Tanya Broesch, Associate Professor, Simon Fraser University , The Canadian Press

Like us on Facebook and follow us on Twitter.

Just Posted

PHOTO: Sylvan Lake business hosts free breakfast for Westerner Days

CWC Energy Services hosted a free pancake breakfast Thursday morning

Community mourns the deaths of two Maskwacis toddlers

Siblings found drowned on family’s property

Water Balance in the Sylvan Lake Watershed

The Sylvan Lake Watershed Stewardship Society submits a weekly column about the lake

A Beacon of Hope shines in Sylvan Lake

A fundraiser for the Safe Harbour Society to educate about opioid addiction was held on July 13

Gas prices in Sylvan Lake higher than surrounding area

The gas in town is being sold with a retail margin of about four to seven cents a litre

Feds lowered poverty line, reducing the number of seniors in need: documents

Liberals introduced a poverty line that was below the prior low-income cutoff

Chiefs honour Indigenous leader wrongfully hanged in B.C. 154 years ago today

Chief Joe Alphonse says they want his remains returned to his homeland in B.C.’s Cariboo region

Wetaskiwin RCMP investigate attempted armed robbery

Police seek information about alleged attack and identify suspect

Scrapie, a disease related to mad cow, found in two flocks of sheep in Alberta

Health Canada says there is no known link between scrapie and human health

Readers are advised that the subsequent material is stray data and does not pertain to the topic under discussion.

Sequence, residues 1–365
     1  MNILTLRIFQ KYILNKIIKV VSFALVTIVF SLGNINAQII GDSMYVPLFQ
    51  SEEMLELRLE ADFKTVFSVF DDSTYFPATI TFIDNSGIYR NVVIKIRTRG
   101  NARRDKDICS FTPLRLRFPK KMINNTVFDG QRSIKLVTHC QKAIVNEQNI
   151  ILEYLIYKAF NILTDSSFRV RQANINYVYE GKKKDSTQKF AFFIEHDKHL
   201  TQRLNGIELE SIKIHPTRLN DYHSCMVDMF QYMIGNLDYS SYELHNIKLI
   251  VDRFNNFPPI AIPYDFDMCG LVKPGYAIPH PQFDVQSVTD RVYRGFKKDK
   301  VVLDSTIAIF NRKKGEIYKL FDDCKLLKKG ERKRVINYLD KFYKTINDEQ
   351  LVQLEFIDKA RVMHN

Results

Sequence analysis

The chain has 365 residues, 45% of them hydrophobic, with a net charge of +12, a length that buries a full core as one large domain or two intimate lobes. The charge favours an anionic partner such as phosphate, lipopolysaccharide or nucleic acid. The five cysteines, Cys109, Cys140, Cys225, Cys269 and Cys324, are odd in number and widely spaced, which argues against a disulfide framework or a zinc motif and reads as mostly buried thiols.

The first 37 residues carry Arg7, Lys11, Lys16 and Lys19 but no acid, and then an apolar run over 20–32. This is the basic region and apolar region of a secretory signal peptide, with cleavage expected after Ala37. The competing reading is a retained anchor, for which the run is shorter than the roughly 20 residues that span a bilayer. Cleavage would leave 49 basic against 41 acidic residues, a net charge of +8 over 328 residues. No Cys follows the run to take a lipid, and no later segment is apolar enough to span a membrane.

Alberta oil and gas producer cleanup cost estimates set too low, says coalition

Canadian Natural Resources Ltd. facing the largest bill at $11.9 billion to clean up 73,000 wells

Scheer on Trump: It’s ‘offensive’ to question the family background of critics

Trump is being called a racist for saying that the four congresswomen should go back where they came from

Instagram expands Canadian pilot removing ‘like’ counts to more countries

Social media giant plans to roll out the test in Australia, New Zealand, Brazil, Japan, Italy and Ireland

Natural gas producers demand government action in open letter to Kenney

The letter warns that the viability of the natural gas sector is in jeopardy

Remains of missing Edmonton woman discovered outside of North Battleford: RCMP

The 25-year-old Edmonton woman was reported missing on May 12

Most Read